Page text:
Profile: Christophe Trier and Willy Verhoeven: Effort and well-being-- As the man responsible for the physical and mental preparation of Peugeot Sport's Finns, Christophe Trier tones up both their muscles and brain cells. Meanwhile, Willy ...
Profile: Christophe Trier and Willy Verhoeven: Effort and well-being--
As the man responsible for the physical and mental preparation of Peugeot Sport's Finns, Christophe Trier tones up both their muscles and brain cells. Meanwhile, Willy Verhoeven ensures that their rally weekends pass off as smoothly, calmly and comfortably as possible.
Christophe Trier: sparring partner
Christophe has been Marcus Grönholm's personal trainer since his World Championship debut, so it was only natural that he should remain with him during his successful career with Peugeot Sport. This year he also looks after Harri Rovanperä, as well as the two Finns' respective co-drivers.
"The driver's job is more physically demanding than that of the co-drivers, but the latter also have to be in tip-top shape in order to perform all the duties they have to do in the right-hand seat as efficiently as possible. That's why the exercises I give all four are practically identical. Even so, each one has his own specific metabolism and mental approach and you have to take that into account during training.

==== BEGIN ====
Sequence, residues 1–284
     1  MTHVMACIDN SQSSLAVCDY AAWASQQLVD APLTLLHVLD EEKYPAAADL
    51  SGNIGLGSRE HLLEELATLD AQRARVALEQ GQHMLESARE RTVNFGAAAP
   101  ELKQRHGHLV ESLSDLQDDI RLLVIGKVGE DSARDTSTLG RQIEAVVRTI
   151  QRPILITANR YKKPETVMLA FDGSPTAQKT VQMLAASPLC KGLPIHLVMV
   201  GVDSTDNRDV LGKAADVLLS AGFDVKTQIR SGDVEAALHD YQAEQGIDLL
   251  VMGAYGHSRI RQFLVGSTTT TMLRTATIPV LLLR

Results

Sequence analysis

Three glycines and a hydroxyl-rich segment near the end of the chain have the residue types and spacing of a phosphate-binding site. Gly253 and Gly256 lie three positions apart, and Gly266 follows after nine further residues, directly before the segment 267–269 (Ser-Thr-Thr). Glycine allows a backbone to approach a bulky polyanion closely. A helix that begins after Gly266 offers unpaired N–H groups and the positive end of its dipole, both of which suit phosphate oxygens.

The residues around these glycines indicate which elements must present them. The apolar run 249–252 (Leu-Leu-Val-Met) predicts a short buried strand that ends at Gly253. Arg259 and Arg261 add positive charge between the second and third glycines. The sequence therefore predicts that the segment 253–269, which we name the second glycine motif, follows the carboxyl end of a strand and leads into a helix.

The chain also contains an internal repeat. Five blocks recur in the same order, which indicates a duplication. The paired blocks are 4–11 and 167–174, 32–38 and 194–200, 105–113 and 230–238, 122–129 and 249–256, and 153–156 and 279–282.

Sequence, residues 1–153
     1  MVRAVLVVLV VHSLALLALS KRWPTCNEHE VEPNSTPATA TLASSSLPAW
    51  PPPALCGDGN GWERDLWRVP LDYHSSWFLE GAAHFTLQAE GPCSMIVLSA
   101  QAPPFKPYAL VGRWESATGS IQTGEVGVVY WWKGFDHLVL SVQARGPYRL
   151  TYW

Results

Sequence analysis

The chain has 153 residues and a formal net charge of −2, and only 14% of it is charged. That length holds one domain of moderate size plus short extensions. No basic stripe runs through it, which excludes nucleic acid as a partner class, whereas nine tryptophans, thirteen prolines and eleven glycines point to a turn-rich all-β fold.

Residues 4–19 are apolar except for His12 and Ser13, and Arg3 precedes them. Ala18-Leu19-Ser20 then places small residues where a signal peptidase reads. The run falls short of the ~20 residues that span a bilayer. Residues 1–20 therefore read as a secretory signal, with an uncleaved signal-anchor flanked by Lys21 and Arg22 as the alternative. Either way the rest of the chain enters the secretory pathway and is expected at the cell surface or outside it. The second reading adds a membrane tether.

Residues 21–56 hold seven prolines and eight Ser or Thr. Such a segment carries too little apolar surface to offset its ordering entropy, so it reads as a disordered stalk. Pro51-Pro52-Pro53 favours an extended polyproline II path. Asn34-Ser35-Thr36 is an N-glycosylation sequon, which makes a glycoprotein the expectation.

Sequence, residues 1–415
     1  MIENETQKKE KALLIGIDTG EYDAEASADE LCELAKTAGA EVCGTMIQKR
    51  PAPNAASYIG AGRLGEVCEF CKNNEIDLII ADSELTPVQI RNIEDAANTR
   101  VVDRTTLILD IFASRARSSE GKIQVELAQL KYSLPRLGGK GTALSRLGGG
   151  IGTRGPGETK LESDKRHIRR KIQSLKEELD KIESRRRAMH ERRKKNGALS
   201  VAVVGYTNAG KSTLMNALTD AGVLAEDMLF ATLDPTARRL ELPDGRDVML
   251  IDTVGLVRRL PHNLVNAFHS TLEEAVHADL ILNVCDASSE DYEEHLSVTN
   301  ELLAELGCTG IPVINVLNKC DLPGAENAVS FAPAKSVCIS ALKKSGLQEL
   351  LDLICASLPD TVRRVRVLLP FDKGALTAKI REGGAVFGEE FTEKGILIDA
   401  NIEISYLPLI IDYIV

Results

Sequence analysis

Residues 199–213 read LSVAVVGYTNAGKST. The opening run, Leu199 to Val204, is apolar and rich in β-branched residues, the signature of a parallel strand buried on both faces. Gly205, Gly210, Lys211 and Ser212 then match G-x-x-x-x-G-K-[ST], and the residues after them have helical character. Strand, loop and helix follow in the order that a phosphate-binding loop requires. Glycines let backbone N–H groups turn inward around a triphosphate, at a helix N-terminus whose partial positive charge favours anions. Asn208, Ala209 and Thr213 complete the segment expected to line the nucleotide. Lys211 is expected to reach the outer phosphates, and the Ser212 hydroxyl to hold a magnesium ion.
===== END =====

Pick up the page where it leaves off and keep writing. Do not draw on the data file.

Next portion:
"Both drivers have programmes that are tailored to meet their individual needs and this is revised every two months according to progress. However, the two co-drivers have radically opposite needs. Timo can be a little wound up, while Risto is laidback. At times it seems excessively so. Occasionally I would like to take a bit of one's character to give to the other, but at the end of the day it is clear that they are both the perfect complement of their respective drivers."
Unrelentingly, Christophe makes sure the crews he looks after never stop working-- "I give them exercises to do when they get home after a rally. The frequency of this work depends on the time they have available before the following event. It's important to maintain their level as they progress and to keep adjusting the programme. During events, we do a daily one-hour physical workout which concentrates notably on boxing.
"Marcus enjoys that, and Harri is beginning to. Boxing is a sport that calls for a number of skills that are useful in rallying-- fast reactions, notably visual, as well as concentration, because the exercises are actually quite complex. An hour of boxing is tiring too, so it's good to develop endurance.
"We naturally monitor their pulse at all times, and it's interesting to see that all four have very different heartbeats. Risto can get up to two hundred beats a minute; Marcus and Harri much less. That doesn't have a major effect on their overall efficiency, but it does serve to control the time they need to recuperate. In addition to boxing, they also do weight training, swimming and cycling--".